And as sure as Clarence Thomas likes a nice cold can of Coke, they don't want to hear your ringtone ringing out loud!
This rule extends from the local district court level, where traffic, trespassing and misdemeanor cases are adjudicated, all the way to the US Supreme Court, where cases are heard that involve people who have recently hosted The Supremes for weekend getaways.
The other day at the Supreme Court, a fascinating legal battle involving the case of Bristol-Myers Squibb Co. v. Superior Court of California - I'm sure you've been following that one with me - was underway, and someone's cell rang.
|The justice prepares|
to answer the call
We've all been embarrassed by poorly-timed ringie-dingies, so don't feel too bad, Mr. Breyer. And the journalists present in the courtroom were not able to identify what his tone is, so quick was he to mute the device. I would hope it sounded like this, though.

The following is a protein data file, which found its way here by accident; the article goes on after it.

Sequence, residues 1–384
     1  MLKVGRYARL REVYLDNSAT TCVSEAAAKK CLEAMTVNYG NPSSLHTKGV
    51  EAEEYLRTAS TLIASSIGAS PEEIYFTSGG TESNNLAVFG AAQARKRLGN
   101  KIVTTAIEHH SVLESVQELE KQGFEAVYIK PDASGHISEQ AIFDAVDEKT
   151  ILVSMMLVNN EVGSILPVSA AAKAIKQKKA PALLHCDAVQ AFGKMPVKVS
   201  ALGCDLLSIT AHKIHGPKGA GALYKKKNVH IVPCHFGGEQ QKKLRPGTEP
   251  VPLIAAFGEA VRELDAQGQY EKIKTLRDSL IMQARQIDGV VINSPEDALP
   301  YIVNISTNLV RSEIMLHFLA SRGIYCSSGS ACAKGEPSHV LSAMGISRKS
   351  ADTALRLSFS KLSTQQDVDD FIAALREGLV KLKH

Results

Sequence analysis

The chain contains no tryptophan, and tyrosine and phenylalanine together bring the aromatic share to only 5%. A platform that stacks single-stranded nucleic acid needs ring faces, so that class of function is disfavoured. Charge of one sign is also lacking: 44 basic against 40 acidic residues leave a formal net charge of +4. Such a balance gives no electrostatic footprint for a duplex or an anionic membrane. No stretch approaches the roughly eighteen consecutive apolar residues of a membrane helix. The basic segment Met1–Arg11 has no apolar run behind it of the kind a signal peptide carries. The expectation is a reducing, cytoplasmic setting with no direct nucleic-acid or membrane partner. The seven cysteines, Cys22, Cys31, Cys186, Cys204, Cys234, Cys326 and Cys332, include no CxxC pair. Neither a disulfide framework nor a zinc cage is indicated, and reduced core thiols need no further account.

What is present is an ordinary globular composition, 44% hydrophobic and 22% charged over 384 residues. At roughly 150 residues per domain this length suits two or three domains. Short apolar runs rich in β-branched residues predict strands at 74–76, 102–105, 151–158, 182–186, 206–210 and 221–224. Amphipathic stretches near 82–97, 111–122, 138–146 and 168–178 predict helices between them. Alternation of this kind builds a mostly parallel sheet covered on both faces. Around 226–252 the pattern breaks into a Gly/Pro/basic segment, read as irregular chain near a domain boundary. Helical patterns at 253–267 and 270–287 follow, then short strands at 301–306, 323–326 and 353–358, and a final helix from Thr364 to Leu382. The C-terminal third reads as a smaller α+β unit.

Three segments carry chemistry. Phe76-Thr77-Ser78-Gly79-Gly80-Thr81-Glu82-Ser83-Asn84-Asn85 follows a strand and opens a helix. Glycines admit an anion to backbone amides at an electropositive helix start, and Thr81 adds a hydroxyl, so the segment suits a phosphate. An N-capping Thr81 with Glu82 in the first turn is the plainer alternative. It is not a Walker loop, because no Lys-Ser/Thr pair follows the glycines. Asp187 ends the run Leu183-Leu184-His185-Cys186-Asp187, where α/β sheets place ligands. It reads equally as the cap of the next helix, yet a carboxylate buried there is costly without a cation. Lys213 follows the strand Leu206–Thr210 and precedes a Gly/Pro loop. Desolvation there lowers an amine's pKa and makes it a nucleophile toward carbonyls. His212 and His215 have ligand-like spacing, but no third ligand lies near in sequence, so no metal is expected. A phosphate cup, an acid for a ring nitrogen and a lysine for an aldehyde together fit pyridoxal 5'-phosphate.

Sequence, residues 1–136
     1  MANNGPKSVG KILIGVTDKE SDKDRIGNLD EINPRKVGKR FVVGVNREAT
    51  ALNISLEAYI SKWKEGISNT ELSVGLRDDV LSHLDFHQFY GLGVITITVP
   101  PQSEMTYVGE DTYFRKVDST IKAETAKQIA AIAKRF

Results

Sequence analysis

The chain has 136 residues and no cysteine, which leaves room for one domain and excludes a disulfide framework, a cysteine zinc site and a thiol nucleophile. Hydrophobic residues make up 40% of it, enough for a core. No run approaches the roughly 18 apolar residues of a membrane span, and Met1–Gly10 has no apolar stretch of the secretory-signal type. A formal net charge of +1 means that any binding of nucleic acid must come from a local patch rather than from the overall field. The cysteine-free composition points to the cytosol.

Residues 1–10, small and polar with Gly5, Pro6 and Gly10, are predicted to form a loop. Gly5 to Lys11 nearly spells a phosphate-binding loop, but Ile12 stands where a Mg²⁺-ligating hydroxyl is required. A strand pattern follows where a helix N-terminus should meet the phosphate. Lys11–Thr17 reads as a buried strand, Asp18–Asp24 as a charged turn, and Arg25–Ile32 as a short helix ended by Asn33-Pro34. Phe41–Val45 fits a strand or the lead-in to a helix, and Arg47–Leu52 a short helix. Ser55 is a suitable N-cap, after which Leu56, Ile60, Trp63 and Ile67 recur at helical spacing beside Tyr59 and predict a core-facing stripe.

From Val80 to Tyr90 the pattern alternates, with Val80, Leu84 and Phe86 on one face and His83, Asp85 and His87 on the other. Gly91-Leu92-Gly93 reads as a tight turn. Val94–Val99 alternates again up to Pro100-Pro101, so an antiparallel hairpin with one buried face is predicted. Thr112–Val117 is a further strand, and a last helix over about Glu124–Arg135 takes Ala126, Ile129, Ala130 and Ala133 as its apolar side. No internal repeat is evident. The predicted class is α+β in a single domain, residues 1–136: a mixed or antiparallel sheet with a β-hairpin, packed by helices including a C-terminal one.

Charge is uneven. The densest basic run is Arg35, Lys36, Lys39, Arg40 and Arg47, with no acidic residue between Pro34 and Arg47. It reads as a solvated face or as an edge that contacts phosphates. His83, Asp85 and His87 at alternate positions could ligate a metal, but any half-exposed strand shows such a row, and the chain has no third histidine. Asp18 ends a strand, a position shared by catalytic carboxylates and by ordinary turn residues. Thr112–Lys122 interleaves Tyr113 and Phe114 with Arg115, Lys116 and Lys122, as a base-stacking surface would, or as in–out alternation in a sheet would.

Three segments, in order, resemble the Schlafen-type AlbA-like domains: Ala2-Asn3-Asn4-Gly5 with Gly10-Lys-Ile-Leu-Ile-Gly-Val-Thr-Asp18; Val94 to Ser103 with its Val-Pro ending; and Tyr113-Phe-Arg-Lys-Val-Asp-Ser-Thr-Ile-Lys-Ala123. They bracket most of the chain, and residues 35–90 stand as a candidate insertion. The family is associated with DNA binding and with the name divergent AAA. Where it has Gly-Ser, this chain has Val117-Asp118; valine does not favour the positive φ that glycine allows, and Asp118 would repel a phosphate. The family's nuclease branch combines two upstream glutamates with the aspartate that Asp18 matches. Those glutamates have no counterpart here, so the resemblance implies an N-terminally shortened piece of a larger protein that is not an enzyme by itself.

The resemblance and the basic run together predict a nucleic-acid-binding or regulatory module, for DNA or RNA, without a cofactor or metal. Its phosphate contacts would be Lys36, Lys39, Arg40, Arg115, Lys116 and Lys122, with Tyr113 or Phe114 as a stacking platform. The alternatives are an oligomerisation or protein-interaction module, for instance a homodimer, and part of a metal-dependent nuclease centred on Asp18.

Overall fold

By the way, Breyer has nothing to do with the ice cream that bears his name, and I'm not fudging the facts at all when I say he had a rocky road to travel to arrive at the Supreme Court. But he kept chipping away, and that's the real scoop.
By the way, this would be a good time to share a true story from my days as a working man, where I worked with a wonderful nurse who just happened to have the last name as a famous bakery. Her surname was Thomas. And every time a new employee came to work with us, I made sure to tell them they should feel honored to work with someone who, despite being heiress to the English muffin fortune, still came to work day after day, healing the lame and halt and spreading cheer like marmalade on a....you know what.
I had half the staff believing it before long! I did better with that one than when I tried convincing people that Ralph Nader had a brother named Yuri.